Technology isn't what it used to be. Back in the good old days when - in my capacity of Mister Showbiz - I promoted gigs in this venue myself, the Borderline had a pretty decent lighting rig of good, old fashioned tungsten par cans. Clear, intense light, eminently controllable, tightly focused just where you want it, wide range of colour options (including the all-important strong white spotlight on the lead vocal position) and with a nice 'warm' feel to boot.
But now, technology has marched on. The Borderline has 'upgraded' its kit, and now the lighting rig amounts to a paltry handful of LED light units, hidden away in the ceiling, which give out a feeble, diffused glimmer that can be switched from blue to green to purple and....well, that's about it, really. Did I say technology has marched on? Marched over a cliff, more like.
Thus it is that our opening band tonight, Sunderbans, take the stage bathed in a wash of weedy purple light that seems at odds with the band's chunky racket. Sunderbans might look a little grungy in their work shirts - their style is very Seattle '91 - but their music is very London, very now. You can hear the new wave influences at work in their clipped, stripped, economical sound, bereft as it is of guitar solos or other suchlike extravagances. But there's also a hypnotic, almost krautrock quality to their firmly struck strings, layered vocals, and implacable rythms. By the end of the set I've decided I rather like the Sunderbans brand of mantra-pop.
KASMs bring with them a certain crackle of electrical tension, as if we're standing beneath a pylon and umpteen thousand volts are rushing, barely contained by technology, above our heads. Not that KASMs can improve the stage lighting - the band's ability to bring a phantom electrical charge to their performance spaces doesn't make those feeble LEDs glow any brighter.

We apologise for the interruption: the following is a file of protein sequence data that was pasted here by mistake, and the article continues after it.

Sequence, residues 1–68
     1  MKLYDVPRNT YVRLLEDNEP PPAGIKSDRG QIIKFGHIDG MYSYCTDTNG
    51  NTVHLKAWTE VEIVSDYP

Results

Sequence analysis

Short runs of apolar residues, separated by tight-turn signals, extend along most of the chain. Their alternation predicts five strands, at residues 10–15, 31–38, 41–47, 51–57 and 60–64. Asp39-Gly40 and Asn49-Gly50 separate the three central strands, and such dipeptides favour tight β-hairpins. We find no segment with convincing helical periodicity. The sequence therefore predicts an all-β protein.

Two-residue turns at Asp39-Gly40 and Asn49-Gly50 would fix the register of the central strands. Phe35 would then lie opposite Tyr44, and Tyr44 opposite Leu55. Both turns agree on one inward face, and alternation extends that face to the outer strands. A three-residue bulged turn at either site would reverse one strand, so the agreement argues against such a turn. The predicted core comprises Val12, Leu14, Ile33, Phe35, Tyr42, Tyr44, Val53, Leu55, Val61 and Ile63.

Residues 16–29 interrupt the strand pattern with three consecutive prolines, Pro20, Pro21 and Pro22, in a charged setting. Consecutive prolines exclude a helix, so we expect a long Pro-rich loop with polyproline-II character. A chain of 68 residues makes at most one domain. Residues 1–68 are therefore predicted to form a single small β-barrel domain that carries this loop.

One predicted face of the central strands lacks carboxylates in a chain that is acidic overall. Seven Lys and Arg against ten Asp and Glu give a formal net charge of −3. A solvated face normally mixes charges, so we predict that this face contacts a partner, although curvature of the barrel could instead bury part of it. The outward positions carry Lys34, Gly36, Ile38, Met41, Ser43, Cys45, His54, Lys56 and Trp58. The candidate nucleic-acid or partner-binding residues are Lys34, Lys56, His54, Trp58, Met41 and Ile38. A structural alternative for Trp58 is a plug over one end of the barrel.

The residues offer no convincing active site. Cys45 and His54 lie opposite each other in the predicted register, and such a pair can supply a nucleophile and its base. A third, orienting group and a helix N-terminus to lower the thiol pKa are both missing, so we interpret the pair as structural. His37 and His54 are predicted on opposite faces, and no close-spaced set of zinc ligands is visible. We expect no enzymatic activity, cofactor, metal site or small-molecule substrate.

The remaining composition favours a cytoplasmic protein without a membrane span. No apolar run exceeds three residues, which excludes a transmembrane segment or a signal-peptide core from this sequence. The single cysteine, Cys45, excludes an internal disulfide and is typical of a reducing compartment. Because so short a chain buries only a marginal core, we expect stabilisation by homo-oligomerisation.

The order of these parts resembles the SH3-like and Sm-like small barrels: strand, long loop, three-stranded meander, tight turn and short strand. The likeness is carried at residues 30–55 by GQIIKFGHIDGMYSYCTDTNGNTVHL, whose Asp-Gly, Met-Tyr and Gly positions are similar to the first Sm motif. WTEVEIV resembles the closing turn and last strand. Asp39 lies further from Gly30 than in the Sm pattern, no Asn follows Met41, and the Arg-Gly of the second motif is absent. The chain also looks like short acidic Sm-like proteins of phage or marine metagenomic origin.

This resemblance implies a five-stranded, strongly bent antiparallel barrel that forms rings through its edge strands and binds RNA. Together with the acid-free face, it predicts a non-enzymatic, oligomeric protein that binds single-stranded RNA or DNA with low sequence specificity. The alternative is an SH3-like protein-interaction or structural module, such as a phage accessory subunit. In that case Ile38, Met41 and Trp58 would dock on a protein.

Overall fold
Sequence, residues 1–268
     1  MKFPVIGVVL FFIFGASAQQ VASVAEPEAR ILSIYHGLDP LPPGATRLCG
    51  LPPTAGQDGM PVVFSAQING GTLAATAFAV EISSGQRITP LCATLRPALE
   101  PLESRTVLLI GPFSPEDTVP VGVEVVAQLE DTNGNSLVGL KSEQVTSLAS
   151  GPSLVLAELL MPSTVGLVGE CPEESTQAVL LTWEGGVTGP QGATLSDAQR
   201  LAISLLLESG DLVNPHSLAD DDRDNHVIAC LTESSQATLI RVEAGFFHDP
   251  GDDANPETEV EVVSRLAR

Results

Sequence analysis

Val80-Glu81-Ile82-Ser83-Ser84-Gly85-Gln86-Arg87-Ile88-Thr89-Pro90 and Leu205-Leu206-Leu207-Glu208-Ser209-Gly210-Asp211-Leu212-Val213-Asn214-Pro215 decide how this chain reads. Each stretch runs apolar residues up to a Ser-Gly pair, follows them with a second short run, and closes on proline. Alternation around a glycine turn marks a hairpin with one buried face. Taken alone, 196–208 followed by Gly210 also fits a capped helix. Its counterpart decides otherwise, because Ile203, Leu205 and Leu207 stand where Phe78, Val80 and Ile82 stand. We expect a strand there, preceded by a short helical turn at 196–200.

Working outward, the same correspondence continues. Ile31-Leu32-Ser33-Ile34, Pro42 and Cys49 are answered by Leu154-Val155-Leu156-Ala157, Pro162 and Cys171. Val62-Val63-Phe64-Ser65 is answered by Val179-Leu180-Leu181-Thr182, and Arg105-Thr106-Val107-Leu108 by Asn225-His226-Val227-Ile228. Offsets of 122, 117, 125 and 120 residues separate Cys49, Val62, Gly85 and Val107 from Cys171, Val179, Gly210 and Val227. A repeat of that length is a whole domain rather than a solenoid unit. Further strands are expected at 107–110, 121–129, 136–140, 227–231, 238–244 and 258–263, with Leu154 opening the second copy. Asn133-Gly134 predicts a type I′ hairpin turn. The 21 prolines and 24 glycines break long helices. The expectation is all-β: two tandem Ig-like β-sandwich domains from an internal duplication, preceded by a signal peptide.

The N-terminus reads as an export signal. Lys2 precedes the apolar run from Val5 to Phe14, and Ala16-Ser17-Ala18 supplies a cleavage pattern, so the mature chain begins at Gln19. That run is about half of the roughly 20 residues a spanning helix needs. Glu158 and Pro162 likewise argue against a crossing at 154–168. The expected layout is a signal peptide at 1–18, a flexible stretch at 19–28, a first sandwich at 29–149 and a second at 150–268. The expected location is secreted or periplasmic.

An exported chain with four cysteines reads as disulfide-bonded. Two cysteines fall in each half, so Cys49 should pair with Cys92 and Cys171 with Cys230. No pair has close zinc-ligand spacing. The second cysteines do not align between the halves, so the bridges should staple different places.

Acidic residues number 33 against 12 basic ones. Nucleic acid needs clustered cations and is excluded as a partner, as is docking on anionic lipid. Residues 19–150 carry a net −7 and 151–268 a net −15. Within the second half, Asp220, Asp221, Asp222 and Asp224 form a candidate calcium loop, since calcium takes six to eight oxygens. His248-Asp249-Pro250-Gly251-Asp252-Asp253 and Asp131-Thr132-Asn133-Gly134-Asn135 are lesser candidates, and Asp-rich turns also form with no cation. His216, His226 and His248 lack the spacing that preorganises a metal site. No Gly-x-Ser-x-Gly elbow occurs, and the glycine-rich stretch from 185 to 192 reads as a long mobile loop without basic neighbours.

But the KASMs brand of clattering, clanging, hanngin-back and mad-dashing spook punk, all pummelling tribal drums and get-outta-my-way guitar, bursts of vocal atmospherics and sudden energy rushes, is definitely the stuff to make a spark jump the terminals. 'Siren sister' is all wailing and flailing and tempo changes that would trip you up if you dared to dance to it, while 'Toil And Trouble' is a Thames delta blues stomp. Not that the Thames has a delta, of course, but if it did, this is the racket you'd hear coming out of the shacks along the riverbank. Probably.
Vocalist Rachel Callaghan accosts the mic stand, prances around the stage, then grovels on it, as if convinced that some sort of rock 'n' roll salvation lies just beneath the floorboards, while the rest of the band do a good impression of pretending nothing untoward is going on.
The set builds to the climax and yet not-climax of 'Murmer' - a big rush-and thump monster that gradually takes itself apart, until it dwindles to just one little yelp of vocal from bassist Gemma Fleet. And that's that. You'd think KASMs would end with a big crash, but instead they deconstruct themselves before our very ears.
Hatcham Social have a name that sounds like a working men's club in Lancashire, and a frontman who is looks like he's just stepped out of an agreeable Surrey stockbroker villa for his evening constitutional, in about 1936. He appears before us - and I assure you I'm not kidding, the photos prove it - sporting a cardigan, a scarf, and a pencil moustache. He exudes a quietly implacable and entirely un-rock 'n' roll demeanour that practically dares us to take the piss. This counter-intuitive image is counterpointed by the rest of the band, who are all wearing yet more grungy work shirts. Before the band have even played a note, it's a bit like watching David Niven fronting Mudhoney.
Hatcham Social don't sound grungy, though. On the contrary, they're impeccably indie. Their songs could've been concocted one night in some long-lost indie watering hole like the Camden Falcon, by mixing essence of Smiths with the pith of Orange Juice, and garnishing with a leaf of early, Three Imaginary Boys-era Cure.
The resulting music is politely punchy, but never rudely assertive.
The just-so jangle of the guitar dances around the songs like a freshman
at the student disco, as David Niven sings in his precise indie-tenor.
It's hard to escape the thought that Hatcham Social's true milieu is
the Kid Jensen show on Radio One, circa 1983.
So, that's Hatcham Social: a band of odd contrasts. The singer doesn't look like the rest of the band, and none of them look how they sound. But, if Hatcham Social are the standard bearers for The New Indie, let the record show that they do a good job of work. The band doesn't really occupy my own musical territory - I was too much of a punk rocker to be an indie kid myself - but in the same way as it's always pleasant to hear good news of a distant relative, it's nice to know that indie is still alive and well.